Predicting and preventing losses of imperiled fish species in an urbanizing environment
Wenger, Seth J.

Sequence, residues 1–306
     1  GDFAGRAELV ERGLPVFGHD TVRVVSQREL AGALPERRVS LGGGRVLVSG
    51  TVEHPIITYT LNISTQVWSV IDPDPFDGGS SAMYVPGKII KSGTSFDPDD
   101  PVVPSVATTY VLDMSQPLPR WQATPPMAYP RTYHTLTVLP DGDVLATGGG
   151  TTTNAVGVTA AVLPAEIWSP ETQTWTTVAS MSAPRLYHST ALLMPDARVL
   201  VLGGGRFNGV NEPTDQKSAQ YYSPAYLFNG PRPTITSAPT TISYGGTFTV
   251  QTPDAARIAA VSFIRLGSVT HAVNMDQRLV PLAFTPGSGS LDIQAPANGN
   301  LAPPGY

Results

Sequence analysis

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Increasing urban land cover is a threat to many freshwater fish species. To effectively manage this threat we need to understand the nature of the stressors, develop relationships between stressors and measures of population viability, create a policy for limiting stressors and use predictive modeling to fine tune the policy and forecast the outcome of management. In this dissertation, I use the development of a Habitat Conservation Plan (HCP) for the imperiled fish species of the Etowah River basin, Georgia, USA, as a case study in applying this kind of conservation approach. I review the literature on urban effects on fishes, concluding that stormwater runoff from impervious surfaces is most likely to be the major threat to imperiled species of the Etowah. I then develop models relating the presence/absence of five species to effective impervious area (EIA) after accounting for historic land use, hydrogeomorphic variables and the confounding factors of incomplete detection and spatial autocorrelation. For a species (the Cherokee darter, Etheostoma etowahae) that shows a relationship between EIA and abundance but not presence, I propose an extension of existing methods to simultaneously model species presence, abundance and detection. I then explain the policy we have developed under the Etowah HCP for limiting the total volume of runoff from developed sites. This policy has the potential to limit EIA to sufficiently low levels to permit species persistence in the Etowah while accommodating future growth. Finally, I illustrate how predictive modeling can be used to guide application of this policy and forecast the outcomes, even with limited data, and propose this as a general approach to managing for imperiled species threatened by land use change.